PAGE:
Uproar skips the Thorny Path to the Caribbean.....again. Back in Culebra.
30 March 2022 | Culebra, Puerto Rico
“This is the weather window to sail east we have been waiting two months for.” I had asked our weather router, Chris Parker, if other opportunities to sail from the Bahamas to the Caribbean were in the future. He confirmed my thoughts that this was a good one.
Sailing from the Bahamas to the Caribbean is a 700 mile passage that is notoriously difficult, often called the “thorny path.” Sailing is mostly against the strong, east trade winds. There are books written on strategies to island hop safely to get there. But the thorny path can often take over a month, waiting for just the right weather to make the next step.
Six years ago, we sailed this passage with the help of Rick Anderson. We skipped the thorny path and used the sledge hammer approach, we sailed upwind in one shot. We have the advantage that Uproar is a “cruising boat with a racing problem.” She has the performance of a race boat and can really claw to weather with our deep keel.
With Rick we sailed from Mayaguana, Bahamas to St. John. Chris Parker routed us for that one as well. He said, “You will get pushed pretty far north.” Little did he know Uproar's abilities. We are able to sail almost straight east in the SE wind. We called Chris every night for a weather update. “You will see the last squall to your north, wind will die, motor through the night and east wind will shoot you south to St. John.” I replied, “Chris, I see the rainbow from that last squall to my north!”
This year it was just Lisa and me. Plus, we sailed from George Town, Exuma, 150 miles further and further north. The approaching cold front caused trade winds to veer SE and possibly due south. As the front caught us, it would provide north and NW winds but accompanied with squalls. Still, better than slogging into the east trade winds.
Chris suggested starting out a day earlier, “You will have good sailing in 20 knots of wind from the SE and outrun the cold front.” Chris's idea of “good sailing” and ours are a bit different. Heavy cruising boats often need at least 15 knots of wind to sail at all. Uproar does just fine in 8 knots of wind. 10 to 12 is our sweet spot although she sails great in higher winds with sails reefed.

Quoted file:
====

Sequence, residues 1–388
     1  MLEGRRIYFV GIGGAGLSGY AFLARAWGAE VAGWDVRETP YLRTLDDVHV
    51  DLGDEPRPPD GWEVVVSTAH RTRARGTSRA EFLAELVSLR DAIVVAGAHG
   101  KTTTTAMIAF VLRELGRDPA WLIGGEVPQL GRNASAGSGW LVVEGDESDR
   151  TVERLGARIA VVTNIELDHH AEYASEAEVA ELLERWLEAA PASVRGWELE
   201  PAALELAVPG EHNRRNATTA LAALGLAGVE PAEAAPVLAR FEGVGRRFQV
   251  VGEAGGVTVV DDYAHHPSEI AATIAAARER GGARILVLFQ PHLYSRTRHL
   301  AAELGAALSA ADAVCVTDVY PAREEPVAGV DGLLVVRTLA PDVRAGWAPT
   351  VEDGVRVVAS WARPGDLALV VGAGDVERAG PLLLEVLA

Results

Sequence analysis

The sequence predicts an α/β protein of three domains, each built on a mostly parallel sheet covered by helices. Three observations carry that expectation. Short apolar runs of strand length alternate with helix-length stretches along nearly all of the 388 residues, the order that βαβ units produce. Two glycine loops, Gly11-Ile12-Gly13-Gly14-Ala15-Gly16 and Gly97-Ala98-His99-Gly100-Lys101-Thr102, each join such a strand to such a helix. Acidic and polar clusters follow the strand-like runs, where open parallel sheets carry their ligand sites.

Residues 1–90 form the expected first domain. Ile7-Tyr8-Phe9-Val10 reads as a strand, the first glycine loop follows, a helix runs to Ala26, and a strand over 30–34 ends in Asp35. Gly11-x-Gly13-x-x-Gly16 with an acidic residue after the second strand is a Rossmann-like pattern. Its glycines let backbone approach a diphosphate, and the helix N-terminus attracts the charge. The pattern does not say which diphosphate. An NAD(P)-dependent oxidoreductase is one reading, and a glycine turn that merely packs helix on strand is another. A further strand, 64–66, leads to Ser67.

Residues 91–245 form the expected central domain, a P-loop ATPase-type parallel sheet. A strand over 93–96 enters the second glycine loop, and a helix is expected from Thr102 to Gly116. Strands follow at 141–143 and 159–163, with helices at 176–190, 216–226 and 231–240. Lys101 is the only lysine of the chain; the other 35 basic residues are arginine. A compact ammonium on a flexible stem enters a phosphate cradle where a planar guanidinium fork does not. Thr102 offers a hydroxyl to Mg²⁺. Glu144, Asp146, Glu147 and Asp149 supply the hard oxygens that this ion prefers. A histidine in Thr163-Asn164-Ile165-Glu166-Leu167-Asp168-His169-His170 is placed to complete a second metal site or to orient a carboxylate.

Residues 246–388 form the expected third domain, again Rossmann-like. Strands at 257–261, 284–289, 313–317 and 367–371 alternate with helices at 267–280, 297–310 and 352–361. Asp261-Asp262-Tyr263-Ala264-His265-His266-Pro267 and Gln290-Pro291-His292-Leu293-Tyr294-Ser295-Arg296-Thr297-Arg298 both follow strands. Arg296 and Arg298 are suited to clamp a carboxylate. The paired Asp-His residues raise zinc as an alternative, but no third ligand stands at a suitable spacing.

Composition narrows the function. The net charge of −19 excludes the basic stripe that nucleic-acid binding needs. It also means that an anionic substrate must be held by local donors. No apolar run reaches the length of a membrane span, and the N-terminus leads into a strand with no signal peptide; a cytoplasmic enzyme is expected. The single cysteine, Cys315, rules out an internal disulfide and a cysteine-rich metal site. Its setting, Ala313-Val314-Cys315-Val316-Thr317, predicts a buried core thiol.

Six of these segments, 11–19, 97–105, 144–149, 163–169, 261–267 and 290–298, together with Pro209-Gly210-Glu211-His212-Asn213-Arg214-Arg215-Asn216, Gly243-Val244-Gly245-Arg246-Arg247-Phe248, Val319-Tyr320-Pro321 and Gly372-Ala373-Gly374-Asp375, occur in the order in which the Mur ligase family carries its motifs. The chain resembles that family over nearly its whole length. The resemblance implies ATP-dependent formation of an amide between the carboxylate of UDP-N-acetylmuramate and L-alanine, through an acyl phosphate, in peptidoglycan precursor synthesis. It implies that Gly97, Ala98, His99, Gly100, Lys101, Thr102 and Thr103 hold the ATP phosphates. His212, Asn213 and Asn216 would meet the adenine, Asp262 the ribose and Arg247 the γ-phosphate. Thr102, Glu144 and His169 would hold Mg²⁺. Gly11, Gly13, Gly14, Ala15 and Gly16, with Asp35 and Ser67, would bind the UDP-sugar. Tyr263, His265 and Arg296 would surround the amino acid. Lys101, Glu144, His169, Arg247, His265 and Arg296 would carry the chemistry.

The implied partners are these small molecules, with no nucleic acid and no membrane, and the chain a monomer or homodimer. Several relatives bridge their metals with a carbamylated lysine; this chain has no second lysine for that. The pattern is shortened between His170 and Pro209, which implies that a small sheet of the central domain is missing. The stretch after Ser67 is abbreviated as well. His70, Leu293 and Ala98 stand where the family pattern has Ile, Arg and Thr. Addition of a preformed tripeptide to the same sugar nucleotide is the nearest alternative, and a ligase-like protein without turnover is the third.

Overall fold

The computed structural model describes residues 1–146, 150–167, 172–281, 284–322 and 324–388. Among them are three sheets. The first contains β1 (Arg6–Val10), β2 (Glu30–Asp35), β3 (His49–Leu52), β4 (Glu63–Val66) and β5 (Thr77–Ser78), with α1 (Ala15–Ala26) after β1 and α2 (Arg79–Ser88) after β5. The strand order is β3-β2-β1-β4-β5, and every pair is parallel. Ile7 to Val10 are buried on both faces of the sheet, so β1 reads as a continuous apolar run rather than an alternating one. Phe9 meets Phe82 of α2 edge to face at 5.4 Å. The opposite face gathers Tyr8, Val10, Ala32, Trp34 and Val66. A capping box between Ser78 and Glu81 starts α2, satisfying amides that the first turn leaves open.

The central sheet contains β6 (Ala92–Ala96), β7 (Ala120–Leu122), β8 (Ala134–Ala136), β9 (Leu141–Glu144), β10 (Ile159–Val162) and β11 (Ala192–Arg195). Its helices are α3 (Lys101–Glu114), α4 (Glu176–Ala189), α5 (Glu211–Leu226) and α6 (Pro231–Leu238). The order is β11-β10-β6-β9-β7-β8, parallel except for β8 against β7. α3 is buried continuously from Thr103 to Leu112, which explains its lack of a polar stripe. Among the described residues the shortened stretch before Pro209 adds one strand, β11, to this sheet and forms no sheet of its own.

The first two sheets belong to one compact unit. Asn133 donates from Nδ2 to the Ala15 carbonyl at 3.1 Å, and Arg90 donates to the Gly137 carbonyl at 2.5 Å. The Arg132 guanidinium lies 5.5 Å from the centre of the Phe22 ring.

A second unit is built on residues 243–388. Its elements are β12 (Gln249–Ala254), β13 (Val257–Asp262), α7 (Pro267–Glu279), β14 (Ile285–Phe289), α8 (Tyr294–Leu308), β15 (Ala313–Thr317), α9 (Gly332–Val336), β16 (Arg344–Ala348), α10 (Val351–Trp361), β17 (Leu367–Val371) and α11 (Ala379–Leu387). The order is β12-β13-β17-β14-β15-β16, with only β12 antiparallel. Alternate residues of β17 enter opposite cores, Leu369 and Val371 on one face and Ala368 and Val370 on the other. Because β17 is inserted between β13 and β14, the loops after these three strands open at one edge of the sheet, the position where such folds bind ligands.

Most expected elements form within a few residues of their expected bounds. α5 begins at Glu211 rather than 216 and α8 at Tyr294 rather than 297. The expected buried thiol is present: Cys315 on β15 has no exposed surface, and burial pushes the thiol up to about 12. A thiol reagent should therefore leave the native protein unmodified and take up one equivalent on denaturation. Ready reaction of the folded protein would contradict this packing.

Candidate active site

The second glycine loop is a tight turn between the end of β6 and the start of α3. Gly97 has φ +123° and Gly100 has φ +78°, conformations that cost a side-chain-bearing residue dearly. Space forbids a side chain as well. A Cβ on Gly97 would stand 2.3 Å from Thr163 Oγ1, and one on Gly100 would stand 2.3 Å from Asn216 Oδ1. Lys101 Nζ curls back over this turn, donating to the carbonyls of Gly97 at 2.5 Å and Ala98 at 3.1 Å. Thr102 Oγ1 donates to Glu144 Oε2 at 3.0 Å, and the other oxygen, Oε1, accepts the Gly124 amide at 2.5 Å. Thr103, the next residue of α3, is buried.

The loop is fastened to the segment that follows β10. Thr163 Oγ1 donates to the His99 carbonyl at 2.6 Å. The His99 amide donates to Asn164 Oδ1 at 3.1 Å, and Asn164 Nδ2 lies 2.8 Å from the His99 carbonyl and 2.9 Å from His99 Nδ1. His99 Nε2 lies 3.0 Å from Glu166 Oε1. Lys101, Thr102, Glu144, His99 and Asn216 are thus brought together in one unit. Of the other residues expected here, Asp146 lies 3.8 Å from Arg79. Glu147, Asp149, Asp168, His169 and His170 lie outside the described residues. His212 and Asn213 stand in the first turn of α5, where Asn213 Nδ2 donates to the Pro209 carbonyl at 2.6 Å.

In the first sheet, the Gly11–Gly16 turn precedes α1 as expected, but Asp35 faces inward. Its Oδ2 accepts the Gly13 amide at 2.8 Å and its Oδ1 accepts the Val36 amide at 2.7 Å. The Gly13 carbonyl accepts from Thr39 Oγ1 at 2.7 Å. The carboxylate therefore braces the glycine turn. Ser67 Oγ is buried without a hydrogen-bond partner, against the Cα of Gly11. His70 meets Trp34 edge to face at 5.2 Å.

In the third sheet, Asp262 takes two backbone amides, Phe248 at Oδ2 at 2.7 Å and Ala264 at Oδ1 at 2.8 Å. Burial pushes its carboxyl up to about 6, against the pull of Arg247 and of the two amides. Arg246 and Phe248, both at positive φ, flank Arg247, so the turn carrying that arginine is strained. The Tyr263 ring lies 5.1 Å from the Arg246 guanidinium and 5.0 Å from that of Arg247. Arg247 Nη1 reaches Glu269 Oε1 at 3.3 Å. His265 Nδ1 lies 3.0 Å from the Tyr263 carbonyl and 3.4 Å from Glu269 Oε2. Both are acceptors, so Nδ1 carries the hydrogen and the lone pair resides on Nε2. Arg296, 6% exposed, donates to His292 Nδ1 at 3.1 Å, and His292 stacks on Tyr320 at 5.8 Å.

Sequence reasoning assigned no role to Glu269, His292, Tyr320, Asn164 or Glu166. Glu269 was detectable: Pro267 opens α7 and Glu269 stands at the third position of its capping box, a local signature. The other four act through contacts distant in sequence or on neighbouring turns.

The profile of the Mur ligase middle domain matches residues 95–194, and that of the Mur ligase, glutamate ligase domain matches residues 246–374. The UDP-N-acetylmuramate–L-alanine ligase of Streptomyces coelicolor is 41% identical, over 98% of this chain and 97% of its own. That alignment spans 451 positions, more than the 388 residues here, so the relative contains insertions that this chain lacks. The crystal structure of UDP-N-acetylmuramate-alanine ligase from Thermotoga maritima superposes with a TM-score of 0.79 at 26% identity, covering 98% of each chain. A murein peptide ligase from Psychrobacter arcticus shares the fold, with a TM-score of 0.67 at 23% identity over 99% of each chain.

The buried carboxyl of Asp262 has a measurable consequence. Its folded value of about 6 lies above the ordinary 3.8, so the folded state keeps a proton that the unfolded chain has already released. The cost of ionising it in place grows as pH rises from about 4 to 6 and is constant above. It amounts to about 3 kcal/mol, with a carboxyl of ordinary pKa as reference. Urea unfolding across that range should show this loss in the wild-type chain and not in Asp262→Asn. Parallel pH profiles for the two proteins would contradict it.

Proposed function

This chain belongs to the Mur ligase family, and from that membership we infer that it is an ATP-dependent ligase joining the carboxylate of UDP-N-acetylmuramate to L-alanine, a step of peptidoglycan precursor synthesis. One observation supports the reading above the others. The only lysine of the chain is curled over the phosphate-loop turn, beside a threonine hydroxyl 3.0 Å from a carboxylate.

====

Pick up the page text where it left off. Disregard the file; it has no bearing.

The wind blew and the sea flew for the first 36 hours. That conjures up images of brisk conditions with salty spray stinging one's cheeks. Makes you want to grit your teeth and utter a pirate epithet, “Aaaarrrgh!” Wind was 20 knots or more and seas were 6 to 8 feet from confused directions. Life was a bit more Old Testament than that. Solid, green waves were breaking over the top of Uproar! Not fun at all!
But she sailed on with us huddled in the cockpit or below. I ate only an apple that first day. Lisa ate nothing. I couldn't get the image of a cozy fireplace out of my mind. I'm just a little ashamed to admit, selling Uproar crossed my mind.
Day three dawned with smaller seas from the SE and wind in the upper teens. What a difference, this was sailing, not endurance. Uproar scooted along at over 7, often over 8 knots. Still a bit rough but manageable. We continued making great progress. As the approaching cold front died out, wind quit and seas became a sheet of gently rolling glass. Chris predicted this, “You will have to motor through the night and into the next day.”
Again, Chris didn't know of Uproar's light air sailing ability. We did have to motor for a day until light trade winds from the east began to establish. Uproar sailed with delight in 10 knots of breeze straight for Puerto Rico. That last night of light air beating to weather canceled out the rough start to our passage. Ahhhhh!
We weren't the only ones enjoying the last 100 miles into Culebra. Two or three Terns perched on the back of Uproar for the ride to shore. They would sometimes squawk at each other and fight for the best seat, on top of our lifesling bag. Lisa won the fishing contest. She was attacked by two flying fish, I had only one visit me while on watch.
We arrived in Culebra, 20 miles east of mainland Puerto Rico, just after dawn on the fifth day. We anchored with a group of other cruising boats in the main bay behind a tiny island. Our traditional anchor beer had to wait. I went to work scrubbing (actually acid etching) barnacles off the bottom of our dinghy and doing an oil and gear lube change on our 20 hp Mercury outboard. With dinghy launched we took full Hollywood showers and enjoyed an anchor beer, the perfect sleeping pill for our afternoon nap.
Lisa said, “Do you feel that?”
“Nothing, we aren't moving, isn't it great?”
Uproar once again skipped the thorny path and got us safely into the Caribbean, taking only five days to sail 760 miles with only a bit of discomfort.